I Went On A Social Media Detox During The Most Epic Vacation Ever — Here's Why

Three happy friends wearing swimsuits and sunglasses laugh while sunbathing on a yacht.

In this day and age, it's easy to live vicariously through someone else's experiences, thanks to the posting powers of social media. But the pressures to immortalize trips and moments perfectly can sometimes rob you of the simple joys of life and keep you from being fully present. See what happened when one writer stopped posting to Instagram during a truly Instagrammable vacation — and the effects it had on her experience (and mental state) as a whole.

The invitation came unexpectedly. I was sitting at my desk, fresh off a Fourth of July vacation with my family and barely unpacked from a late-June bike trip in Europe with a group of girlfriends when my most well-traveled friend texted simply, “What are you doing in late August?” The message was cryptic at worst, intriguing at best, leading me to immediately respond, “Working?”—the question mark to signify both my confusion and curiosity . “Call me,” was the text I got back within seconds. I did as she asked. And that was when I got to the bottom of my personal text mystery: She was inviting me on a boat. Well, if I’m being an honest, it’s more of a yacht, like the one from the Bravo show where beautiful people live in small cabins and engage in a lot of drama.

The boat—ahem, yacht—would be sailing around the south of France and there was suddenly room for me on said floating vessel. Would I be able to get away? Did I want to see Antibes and Monaco? Did St. Tropez sound appealing? I picked my jaw up off the floor and began to plot how I could make this “extra” vacation happen, because — ya know — YOLO.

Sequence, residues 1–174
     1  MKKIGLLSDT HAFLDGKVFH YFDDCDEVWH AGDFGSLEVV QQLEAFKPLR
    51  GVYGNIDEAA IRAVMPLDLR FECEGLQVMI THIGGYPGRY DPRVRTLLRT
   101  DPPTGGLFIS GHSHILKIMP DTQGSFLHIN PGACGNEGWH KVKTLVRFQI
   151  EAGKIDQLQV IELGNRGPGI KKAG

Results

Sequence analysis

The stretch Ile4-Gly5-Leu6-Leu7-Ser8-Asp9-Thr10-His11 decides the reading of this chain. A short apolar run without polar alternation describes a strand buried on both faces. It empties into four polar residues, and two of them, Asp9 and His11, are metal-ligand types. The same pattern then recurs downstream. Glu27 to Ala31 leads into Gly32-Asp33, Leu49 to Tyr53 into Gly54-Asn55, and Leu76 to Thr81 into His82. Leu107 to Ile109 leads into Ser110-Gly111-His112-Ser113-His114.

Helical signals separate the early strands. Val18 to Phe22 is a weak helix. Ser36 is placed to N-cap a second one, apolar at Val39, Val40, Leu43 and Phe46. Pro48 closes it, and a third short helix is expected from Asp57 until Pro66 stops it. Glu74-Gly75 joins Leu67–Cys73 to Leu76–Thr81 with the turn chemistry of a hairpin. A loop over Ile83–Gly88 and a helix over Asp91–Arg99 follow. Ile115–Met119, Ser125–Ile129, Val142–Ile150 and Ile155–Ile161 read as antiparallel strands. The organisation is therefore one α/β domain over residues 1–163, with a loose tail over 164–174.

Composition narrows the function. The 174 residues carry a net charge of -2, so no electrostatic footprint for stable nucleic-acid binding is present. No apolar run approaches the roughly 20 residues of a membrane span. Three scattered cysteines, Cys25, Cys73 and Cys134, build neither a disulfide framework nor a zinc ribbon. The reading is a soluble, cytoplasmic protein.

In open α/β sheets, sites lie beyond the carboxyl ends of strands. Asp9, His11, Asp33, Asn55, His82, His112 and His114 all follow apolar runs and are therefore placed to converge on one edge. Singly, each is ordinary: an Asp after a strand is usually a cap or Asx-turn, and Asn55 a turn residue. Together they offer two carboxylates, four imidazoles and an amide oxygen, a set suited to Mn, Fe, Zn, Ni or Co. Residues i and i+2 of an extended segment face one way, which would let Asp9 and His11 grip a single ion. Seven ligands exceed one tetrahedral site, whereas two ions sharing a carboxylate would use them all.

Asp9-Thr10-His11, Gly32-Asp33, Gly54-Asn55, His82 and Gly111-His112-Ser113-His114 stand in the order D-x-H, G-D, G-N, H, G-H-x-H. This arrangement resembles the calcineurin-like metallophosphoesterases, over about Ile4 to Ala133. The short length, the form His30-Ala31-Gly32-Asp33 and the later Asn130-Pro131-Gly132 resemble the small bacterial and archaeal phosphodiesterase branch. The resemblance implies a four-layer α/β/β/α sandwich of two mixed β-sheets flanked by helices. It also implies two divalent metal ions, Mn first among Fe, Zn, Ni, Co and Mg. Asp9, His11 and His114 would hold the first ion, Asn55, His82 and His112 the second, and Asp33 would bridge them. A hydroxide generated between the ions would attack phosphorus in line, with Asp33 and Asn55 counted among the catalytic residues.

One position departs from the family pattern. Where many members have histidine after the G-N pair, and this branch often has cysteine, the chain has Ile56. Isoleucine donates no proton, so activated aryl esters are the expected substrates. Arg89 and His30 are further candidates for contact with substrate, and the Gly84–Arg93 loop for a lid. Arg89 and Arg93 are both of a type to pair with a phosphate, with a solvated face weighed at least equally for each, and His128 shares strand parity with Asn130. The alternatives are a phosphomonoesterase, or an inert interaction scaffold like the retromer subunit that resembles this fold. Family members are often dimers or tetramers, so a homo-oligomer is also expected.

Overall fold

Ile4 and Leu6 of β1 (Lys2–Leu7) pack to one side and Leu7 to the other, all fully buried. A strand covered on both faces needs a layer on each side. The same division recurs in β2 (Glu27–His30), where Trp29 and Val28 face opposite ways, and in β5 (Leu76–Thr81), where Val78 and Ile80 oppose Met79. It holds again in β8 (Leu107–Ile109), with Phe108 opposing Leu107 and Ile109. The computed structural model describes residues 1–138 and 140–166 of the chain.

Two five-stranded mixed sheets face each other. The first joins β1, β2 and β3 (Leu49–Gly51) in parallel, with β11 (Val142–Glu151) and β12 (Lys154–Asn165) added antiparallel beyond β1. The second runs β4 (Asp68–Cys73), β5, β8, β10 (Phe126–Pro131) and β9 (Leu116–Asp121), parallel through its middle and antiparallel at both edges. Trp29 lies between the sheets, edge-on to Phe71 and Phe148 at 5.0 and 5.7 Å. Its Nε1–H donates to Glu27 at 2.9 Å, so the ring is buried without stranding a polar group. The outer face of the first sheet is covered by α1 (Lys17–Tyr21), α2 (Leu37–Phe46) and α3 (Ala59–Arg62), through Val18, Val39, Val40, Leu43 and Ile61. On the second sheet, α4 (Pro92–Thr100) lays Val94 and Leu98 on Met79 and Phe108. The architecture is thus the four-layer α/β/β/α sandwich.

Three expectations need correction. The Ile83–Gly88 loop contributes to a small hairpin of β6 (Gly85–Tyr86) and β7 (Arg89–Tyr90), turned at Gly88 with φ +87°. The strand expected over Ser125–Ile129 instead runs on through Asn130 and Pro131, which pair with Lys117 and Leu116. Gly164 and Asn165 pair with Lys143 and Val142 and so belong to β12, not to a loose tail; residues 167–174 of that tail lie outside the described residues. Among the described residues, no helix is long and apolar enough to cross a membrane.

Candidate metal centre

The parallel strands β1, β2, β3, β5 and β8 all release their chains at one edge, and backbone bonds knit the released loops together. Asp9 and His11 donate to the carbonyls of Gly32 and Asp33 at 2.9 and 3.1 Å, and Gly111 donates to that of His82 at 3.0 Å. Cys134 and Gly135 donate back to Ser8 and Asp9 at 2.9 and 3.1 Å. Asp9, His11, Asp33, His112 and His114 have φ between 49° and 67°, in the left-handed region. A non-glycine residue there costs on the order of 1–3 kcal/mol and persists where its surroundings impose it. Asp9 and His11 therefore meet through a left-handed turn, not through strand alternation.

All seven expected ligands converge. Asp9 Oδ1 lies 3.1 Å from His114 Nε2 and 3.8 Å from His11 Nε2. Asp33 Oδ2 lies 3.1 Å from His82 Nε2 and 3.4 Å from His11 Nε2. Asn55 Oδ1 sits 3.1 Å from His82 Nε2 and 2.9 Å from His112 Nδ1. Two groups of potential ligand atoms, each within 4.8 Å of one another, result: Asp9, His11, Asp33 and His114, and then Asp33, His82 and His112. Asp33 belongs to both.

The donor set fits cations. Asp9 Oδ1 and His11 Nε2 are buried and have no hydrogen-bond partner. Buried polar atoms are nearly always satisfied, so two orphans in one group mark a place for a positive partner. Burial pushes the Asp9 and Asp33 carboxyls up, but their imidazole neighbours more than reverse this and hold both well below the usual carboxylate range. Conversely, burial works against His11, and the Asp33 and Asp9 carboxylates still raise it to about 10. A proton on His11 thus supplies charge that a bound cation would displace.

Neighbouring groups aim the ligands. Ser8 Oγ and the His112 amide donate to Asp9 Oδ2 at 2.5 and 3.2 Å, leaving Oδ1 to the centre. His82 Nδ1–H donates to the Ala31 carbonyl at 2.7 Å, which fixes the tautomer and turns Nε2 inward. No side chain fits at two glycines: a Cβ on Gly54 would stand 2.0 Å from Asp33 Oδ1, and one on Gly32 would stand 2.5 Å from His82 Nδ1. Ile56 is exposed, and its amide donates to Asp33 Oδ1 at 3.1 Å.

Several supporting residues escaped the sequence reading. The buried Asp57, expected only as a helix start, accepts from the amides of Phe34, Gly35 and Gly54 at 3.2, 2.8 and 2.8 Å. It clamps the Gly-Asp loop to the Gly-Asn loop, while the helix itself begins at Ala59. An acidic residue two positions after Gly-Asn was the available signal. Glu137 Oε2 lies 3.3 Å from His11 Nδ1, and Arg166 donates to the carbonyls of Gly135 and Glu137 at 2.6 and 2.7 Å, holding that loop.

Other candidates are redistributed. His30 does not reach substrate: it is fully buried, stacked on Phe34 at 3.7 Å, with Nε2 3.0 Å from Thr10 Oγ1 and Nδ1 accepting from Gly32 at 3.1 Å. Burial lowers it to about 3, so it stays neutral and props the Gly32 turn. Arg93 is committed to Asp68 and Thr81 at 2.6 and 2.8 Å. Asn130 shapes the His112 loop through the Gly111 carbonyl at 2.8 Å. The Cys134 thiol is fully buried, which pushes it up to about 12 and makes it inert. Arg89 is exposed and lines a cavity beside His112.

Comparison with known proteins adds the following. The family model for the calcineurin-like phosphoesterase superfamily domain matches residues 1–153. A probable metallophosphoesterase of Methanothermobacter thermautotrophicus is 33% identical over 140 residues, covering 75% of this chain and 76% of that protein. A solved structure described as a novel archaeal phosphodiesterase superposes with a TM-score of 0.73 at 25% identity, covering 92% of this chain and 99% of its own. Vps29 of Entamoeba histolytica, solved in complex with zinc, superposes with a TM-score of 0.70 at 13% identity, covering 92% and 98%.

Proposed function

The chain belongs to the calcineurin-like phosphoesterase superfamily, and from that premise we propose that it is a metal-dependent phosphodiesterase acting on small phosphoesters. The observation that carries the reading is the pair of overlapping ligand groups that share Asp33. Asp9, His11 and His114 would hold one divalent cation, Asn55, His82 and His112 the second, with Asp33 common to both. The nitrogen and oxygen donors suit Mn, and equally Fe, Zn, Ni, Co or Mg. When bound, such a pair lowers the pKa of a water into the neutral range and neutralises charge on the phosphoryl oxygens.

From the moment I made the decision I was going to go, one thing was crystal clear in my head: I couldn’t post anything on social media. Not because I didn’t get the trip approved from my very generous bosses or because my friend asked me not to, but because it felt like “too much.” (Please reference the aforementioned European vacation, less than two months before, as well as a slew of other small trips the summer had required, both personal and professional, all of which had made their way onto my feed.) I was prepared to go on the trip of a lifetime—perhaps a once-in-a-lifetime trip, in fact — and I was not going to document it for anyone other than myself. In 2019, that bold decision begged the question: Did the vacation even happen? As an intrepid reporter, I was determined to find out.


Why I Chose Not To Post

I’ve always tried to left my gut lead my life on social media. If I’m about to post something and it feels, well, “icky,” I don’t do it. What leads to these icky feelings for me? Personally, it’s anything that comes too close to bragging or being insincere or trying to be something I’m not (read: a blogger). I’m a writer; that’s what I do. No one cares what new purse I just got or what my shoes look like against colorful tile.

When it came to my trip, something in that aforementioned gut told me posting from a big boat on a big trip was going to lead to big comments that caused me a big headache. “Do you even work?” was one I imagined I would get. (I do, in case you’re wondering. Quite a bit in fact.) “Back in Europe again? OMG, I want your life!” or some version of this was another one I thought might find its way below a photo. The sentiment behind that type of comment is usually (probably?) nice, but it always makes me feel uncomfortable. Hence, the decision not to post. After all, if the trip felt decadent even to me and I was living it, how would it look to the outside world (or, more accurately, my 2,000-some followers).